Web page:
Right of attorneys to appear in court: What rights have been extended?

September 1st, 2012
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By Vuyo Mkwibiso

The Right of Appearance in Courts Act 62 of 1995 (the Act) was enacted inter alia to regulate and extend the right of attorneys to appear in court.

Section 3(2) of the Act provides that an attorney who wishes to acquire the right to appear in the Supreme Court (now the High Court, and includes the Supreme Court of Appeal) ‘may apply to the registrar of a provincial division of the Supreme Court’. Section 4(2) of the Act provides that the registrar shall issue a certificate to the effect that the attorney has the right of appearance in the Supreme Court if satisfied that the application meets the requirements of the Act. In terms of s 3(3) and (4), an attorney who has acquired the right of appearance in the Supreme Court is also entitled to appear in the Constitutional Court and to discharge the other functions of an advocate in any proceedings in the Supreme Court. By way of an amendment in 2005, s 4(4) was introduced in the Act, which provides that an attorney with the right of appearance ‘shall be entitled to appear in any court throughout the Republic’.

Section 4(3) of the Act has in the past caused some confusion as to the extent to which an attorney’s right of appearance has been extended. This section provides:

‘Section 21 of the Attorneys Act [53 of 1979], which requires rolls of attorneys to be kept, shall apply mutatis mutandis in respect of attorneys who have been granted the right of appearance in the Supreme Court.’

The relationship between these provisions of the Act and provisions of the Attorneys Act has been considered in recent High Court judgments. In issue has been the nature and extent of the rights of an attorney that have been extended in terms of the Act. For example, is an attorney who has been granted the right of appearance in terms of the Act entitled to appear only in the division of the High Court in which he was admitted or enrolled to practise as an attorney or is he thereby also entitled to appear in other divisions in which he has not been admitted or enrolled?

Further, what other functions may an attorney with a certificate of the right of appearance perform in divisions other than the one in which he was admitted or enrolled as an attorney in terms of the Attorneys Act?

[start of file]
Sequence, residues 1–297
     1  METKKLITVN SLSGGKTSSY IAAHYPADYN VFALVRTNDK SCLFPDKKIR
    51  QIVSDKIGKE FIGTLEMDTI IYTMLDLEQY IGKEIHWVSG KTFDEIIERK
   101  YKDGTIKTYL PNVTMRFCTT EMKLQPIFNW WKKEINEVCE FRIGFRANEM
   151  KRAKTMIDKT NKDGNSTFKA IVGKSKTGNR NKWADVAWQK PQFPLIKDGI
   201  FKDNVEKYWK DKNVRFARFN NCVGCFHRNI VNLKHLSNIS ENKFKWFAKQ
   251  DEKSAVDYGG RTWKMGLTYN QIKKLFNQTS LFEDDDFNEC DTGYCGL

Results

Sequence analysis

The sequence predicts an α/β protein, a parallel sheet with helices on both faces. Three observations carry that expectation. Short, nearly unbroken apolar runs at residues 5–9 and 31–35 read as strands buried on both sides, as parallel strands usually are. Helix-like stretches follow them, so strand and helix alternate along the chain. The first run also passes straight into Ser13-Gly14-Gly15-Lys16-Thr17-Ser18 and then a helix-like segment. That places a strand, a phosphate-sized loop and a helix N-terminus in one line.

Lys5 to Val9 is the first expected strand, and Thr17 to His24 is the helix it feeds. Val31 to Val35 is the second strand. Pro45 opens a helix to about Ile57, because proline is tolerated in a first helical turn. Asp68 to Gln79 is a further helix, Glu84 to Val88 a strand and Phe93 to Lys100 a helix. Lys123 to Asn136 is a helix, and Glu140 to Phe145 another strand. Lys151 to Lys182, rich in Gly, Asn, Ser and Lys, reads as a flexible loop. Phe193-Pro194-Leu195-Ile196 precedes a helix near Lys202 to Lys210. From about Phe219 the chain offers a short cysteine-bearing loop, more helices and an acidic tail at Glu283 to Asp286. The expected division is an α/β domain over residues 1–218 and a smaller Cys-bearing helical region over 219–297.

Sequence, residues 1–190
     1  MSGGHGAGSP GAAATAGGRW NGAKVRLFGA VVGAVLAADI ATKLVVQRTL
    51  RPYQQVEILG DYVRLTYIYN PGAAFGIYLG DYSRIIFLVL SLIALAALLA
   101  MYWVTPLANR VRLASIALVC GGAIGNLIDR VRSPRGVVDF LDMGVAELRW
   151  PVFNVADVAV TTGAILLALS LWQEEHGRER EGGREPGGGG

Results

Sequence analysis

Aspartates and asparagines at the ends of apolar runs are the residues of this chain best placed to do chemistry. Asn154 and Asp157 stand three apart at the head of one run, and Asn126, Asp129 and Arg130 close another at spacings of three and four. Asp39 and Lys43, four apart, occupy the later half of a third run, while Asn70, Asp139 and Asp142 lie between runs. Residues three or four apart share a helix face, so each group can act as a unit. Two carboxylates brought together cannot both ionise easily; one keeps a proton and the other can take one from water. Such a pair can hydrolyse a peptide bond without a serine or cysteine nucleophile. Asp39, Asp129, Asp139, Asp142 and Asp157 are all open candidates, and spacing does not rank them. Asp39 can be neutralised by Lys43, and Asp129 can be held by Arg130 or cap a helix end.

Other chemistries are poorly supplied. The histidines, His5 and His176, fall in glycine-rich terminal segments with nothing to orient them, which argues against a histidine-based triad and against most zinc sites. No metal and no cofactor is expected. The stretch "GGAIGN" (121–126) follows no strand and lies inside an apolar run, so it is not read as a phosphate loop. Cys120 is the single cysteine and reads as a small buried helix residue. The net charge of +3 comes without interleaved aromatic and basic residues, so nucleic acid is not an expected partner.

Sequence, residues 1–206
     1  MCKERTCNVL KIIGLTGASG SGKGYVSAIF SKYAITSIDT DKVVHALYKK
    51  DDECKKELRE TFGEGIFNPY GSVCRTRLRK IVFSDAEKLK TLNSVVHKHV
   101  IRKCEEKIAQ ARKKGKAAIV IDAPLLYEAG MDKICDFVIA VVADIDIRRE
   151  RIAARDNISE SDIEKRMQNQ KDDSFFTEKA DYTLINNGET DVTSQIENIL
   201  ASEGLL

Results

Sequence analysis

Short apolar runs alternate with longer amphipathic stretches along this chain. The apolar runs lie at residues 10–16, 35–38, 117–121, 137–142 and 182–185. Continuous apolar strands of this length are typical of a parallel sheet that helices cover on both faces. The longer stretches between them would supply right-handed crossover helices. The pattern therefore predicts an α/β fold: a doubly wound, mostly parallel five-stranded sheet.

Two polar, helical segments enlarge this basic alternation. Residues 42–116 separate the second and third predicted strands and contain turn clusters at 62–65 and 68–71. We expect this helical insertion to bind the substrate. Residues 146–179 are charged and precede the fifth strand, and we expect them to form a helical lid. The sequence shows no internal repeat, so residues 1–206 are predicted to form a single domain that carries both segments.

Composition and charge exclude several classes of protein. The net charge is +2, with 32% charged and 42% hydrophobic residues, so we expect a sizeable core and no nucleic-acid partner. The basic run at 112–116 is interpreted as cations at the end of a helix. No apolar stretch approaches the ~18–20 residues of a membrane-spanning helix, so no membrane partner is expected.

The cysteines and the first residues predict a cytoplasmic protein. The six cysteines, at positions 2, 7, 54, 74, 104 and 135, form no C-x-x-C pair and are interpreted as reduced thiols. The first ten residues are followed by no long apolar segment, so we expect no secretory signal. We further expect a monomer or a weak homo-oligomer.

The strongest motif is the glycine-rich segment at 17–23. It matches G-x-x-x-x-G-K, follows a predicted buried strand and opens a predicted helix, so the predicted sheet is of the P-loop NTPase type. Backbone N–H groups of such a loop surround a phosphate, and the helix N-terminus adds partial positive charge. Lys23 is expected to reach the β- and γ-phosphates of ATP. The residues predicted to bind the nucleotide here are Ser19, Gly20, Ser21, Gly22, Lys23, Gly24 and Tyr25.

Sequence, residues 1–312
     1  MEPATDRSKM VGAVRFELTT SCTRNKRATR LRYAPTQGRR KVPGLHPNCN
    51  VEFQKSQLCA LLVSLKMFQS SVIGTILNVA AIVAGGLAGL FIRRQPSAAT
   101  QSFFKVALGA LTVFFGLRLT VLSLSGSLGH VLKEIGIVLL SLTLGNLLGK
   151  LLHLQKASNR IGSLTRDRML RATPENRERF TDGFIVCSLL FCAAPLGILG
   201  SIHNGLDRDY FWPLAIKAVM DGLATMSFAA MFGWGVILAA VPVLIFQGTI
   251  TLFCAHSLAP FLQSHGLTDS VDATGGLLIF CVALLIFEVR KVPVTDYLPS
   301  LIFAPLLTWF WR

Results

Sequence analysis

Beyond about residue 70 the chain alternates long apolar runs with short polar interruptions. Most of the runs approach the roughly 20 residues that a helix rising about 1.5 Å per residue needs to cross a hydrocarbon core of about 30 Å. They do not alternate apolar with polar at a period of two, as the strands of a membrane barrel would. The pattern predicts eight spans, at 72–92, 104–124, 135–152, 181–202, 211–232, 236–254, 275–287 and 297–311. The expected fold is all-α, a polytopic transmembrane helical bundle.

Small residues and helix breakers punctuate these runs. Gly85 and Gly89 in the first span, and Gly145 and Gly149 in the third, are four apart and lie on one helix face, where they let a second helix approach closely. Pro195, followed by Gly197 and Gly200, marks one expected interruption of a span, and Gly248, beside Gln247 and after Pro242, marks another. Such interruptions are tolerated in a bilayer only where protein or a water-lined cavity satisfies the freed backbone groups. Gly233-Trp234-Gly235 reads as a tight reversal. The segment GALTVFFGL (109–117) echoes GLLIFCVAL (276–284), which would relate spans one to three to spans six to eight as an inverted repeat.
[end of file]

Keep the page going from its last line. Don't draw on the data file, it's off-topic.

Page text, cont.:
Earlier case law

In S v Sewnandan 1999 (2) SA 1087 (O), which was decided before the 2005 amendment, an attorney admitted and enrolled in the then Natal Provincial Division had sought to represent an individual in appeal proceedings before the then Orange Free State Provincial Division. The court held that: ‘What the new Act has in essence brought about is that, although an attorney’s right to appear has been extended, his or her “area of jurisdiction” remained the same and can only be extended as set out in s 20 of the [Attorneys] Act’ (at 1094B-C).

The court further held that any other interpretation of s 4(3) of the Act would have rendered its reference to s 21 of the Attorneys Act superfluous. The court found that the attorney was not entitled to represent the appellant in the appeal proceedings.

In Zeda Car Leasing (Pty) Ltd t/a Avis Fleet Services v Pillay and Others 2007 (3) SA 89 (D), the then Durban and Coastal Local Division of the High Court dismissed the plaintiff’s summons on the ground that it had been signed by an attorney whose right of appearance had been granted by the registrar of the then Transvaal Provincial Division, but who had not been admitted or enrolled to practise in the Natal Provincial Division or the Durban Local Division. The court found that it was not proper for an attorney who holds a certificate of right of appearance in terms of the Act to be entitled to sign pleadings as an advocate or an attorney in a different division to where he was enrolled. The basis for its decision seems to have been that an attorney had to be constrained to practise in one division so as to ensure that the law society of which he was a member maintained control over him.

Further, the court considered that to extend attorneys’ jurisdiction to other divisions would pose a challenge in practice as different rules apply in different divisions. The court did not consider s 4(4) of the Act to have extended the right of appearance to all divisions of the High Court and considered the broad wording of the subsection to be unclear.

A different view – recent cases